Economics and finance of the built environment covers macro-economics and micro-economics from institutional to firm and project levels. Infrastructure markets and development, PPP/PFI concession contracts, transaction cost and agency theory in projects are particular current foci.
Institutional, market and behavioural perspectives are therefore addressed in project and construction economics and financial management.
A range of research has been conducted in recent years. Notable examples that illustrate the range include those listed below.
To Develop an Independent and Objective Measurement System for the Evaluation of Operational Performance of Projects. Granham Ive and Andrew Edkins (Principal Investigators. Funded as a Government Knowledge Transfer Partnership between UCL and KPMG.
Open Planning for Operationally Ready Acute Healthcare Estate: a multi-factorial framework. Phil Astley (Principal Investigator) Commissioned under the Health and Care Infrastructure Research and Innovation Centre (HaCIRIC) programme and funded by the Engineering and Physical Science Research Council (EPSRC).
Professor D’Maris Coffman
Director of School and Chair in Economics and Finance of the Built Environment
Dr Stanimira Milcheva
Associate Professor in Economics and Finance of Real Estate and Infrastructure and Departmental Graduate Tutor
Dr Zhifu Mi
Lecturer in Economics and Finance of the Built Environment
Dr Aniket Kumar
Research Associate: Economics and Finance of the Built Environment
Professor Jim Meikle
Professor in the Economics of the Construction Sector
Outputs take several forms: reports to funding organisations and industry, academic outputs and practical guidance for industry. A sample of recent outputs is listed below.
Edkins, A.E., Ive, G. and Murray, A. (2011) Operating the renewed school estate - an empirical insight into cost and PFI. In 17th Annual Conference of Royal Institute of Chartered Surveyors, September Salford.
Ive, G., Edkins A.E., Murray, A., and Rintala, K. (2010) Cost and Performance comparison of PFI and Non-PFI Healthcare Infrastructure in England, 3rd Annual Conference of the Health and Care Infrastructure Research and Innovation Centre. Better Healthcare through better infrastructure. Edinburgh, pp. 88-102.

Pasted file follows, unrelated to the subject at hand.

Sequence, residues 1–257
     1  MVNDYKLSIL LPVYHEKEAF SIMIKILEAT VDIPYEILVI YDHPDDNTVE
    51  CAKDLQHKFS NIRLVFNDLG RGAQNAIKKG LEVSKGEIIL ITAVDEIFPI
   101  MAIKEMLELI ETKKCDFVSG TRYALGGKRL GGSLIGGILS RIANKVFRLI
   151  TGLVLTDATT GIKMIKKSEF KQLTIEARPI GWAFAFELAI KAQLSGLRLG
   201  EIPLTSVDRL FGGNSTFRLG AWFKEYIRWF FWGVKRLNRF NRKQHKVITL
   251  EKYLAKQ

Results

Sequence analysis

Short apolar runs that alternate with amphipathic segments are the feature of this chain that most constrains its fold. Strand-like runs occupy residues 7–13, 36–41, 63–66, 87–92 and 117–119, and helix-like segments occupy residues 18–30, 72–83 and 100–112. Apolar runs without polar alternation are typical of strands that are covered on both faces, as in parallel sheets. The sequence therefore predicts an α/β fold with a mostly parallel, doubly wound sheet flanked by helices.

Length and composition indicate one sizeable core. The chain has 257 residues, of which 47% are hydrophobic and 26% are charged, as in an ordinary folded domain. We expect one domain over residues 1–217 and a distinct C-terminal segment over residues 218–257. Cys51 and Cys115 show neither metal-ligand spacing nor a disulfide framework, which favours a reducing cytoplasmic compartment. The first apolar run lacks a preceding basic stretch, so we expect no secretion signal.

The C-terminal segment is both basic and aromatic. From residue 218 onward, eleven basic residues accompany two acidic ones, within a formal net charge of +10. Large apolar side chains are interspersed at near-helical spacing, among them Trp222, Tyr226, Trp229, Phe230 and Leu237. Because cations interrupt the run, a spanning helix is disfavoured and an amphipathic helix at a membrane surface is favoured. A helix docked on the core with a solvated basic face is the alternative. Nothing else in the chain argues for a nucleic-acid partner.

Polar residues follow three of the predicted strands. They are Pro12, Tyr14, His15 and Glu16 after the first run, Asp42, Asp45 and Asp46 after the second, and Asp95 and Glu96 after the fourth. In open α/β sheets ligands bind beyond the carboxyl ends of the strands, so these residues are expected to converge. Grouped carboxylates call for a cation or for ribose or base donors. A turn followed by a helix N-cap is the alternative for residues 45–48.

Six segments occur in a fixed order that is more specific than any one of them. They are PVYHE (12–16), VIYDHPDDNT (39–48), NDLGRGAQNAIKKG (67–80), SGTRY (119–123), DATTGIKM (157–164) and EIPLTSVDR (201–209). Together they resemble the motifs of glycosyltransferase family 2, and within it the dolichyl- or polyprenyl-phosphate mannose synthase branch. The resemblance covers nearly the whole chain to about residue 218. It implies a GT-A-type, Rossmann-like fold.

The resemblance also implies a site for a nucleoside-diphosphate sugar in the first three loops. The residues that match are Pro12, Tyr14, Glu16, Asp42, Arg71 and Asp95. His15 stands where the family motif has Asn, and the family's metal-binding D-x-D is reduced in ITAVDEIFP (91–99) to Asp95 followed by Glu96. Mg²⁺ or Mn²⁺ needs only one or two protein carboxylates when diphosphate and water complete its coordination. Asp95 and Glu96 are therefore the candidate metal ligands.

Astley, P. Open Planning for Operationally Ready Acute Healthcare Estate: a multi-factorial framework. Health and Care Infrastructure Research and Innovation Centre (HaCIRIC).
Park, A., and Glascock, J. L. (2010) Performance effects of corporate real estate on franchise organizations, Journal of Corporate Real Estate, 12 (6), 81-95.
Park, A., and Glascock, J. L. (2010) Sustainable competitive advantage and corporate real estate, Journal of Real Estate Literature, 18 (1), 3-19.
Skitmore, M. and Smyth, H. J. (2009) Marketing and Pricing Strategy, Construction Supply Chain Management: Concepts and Case Studies, (ed. S D Pryke), Blackwell, Oxford, pp. 92-112.
Yu, M. and Ive, G. (2008) The compilation methods of building price indices in Britain: a critical review, Construction Management and Economics, 26, (7), 693-705.
Rintala, K., Root, D., Ive. G. and Bowen, P. (2008) Organizing a bidding competition for a toll road concession in South Africa: The case of Chapman's Peak Drive, Journal of Management in Engineering, 24, (3), 146-155.
Chang, C-Y. and Ive, G. (2007) Reversal of bargaining power in construction projects: meaning, existence and implications, Construction Management and Economics, 25, (8), 845-855.
Ive, G. and Chang, C-Y. (2007) The principle of inconsistent trinity in the selection of procurement systems, Construction Management and Economics, 25, (7), 677-690.
Smyth, H. J. and Edkins, A. J. (2007) Relationship Management in the Management of PFI/PPP Projects in the UK, International Journal of Project Management, 25 (3), 232-240.
Skitmore, M. and Smyth, H. J. (2007) Pricing Construction Work: A Marketing Viewpoint, Construction Management and Economics, 25, (6), 619-630.
Ive, G. (2006) Re-examining the costs and value ratios of owning and occupying buildings, Building Research & Information, 34, (3), 230-245.
Ganesan, S. and Kelsey, J. M. (2006). Technology transfer: international collaboration in Sri Lanka, Construction Management and Economics, 24 (7), 743-757.
Edkins, A. J. and Smyth, H. J. (2006) The Imperatives of Trust in PPPs: Evaluations from the provision of 'full service' contracts, Journal of Construction Procurement, 12, (2), 142-157.
There has been substantial engagement with government, industry and its stakeholders to improve understanding, monitoring and performance, advisory committees, reports, action research and improving best practice, as well as indirect influence through teaching.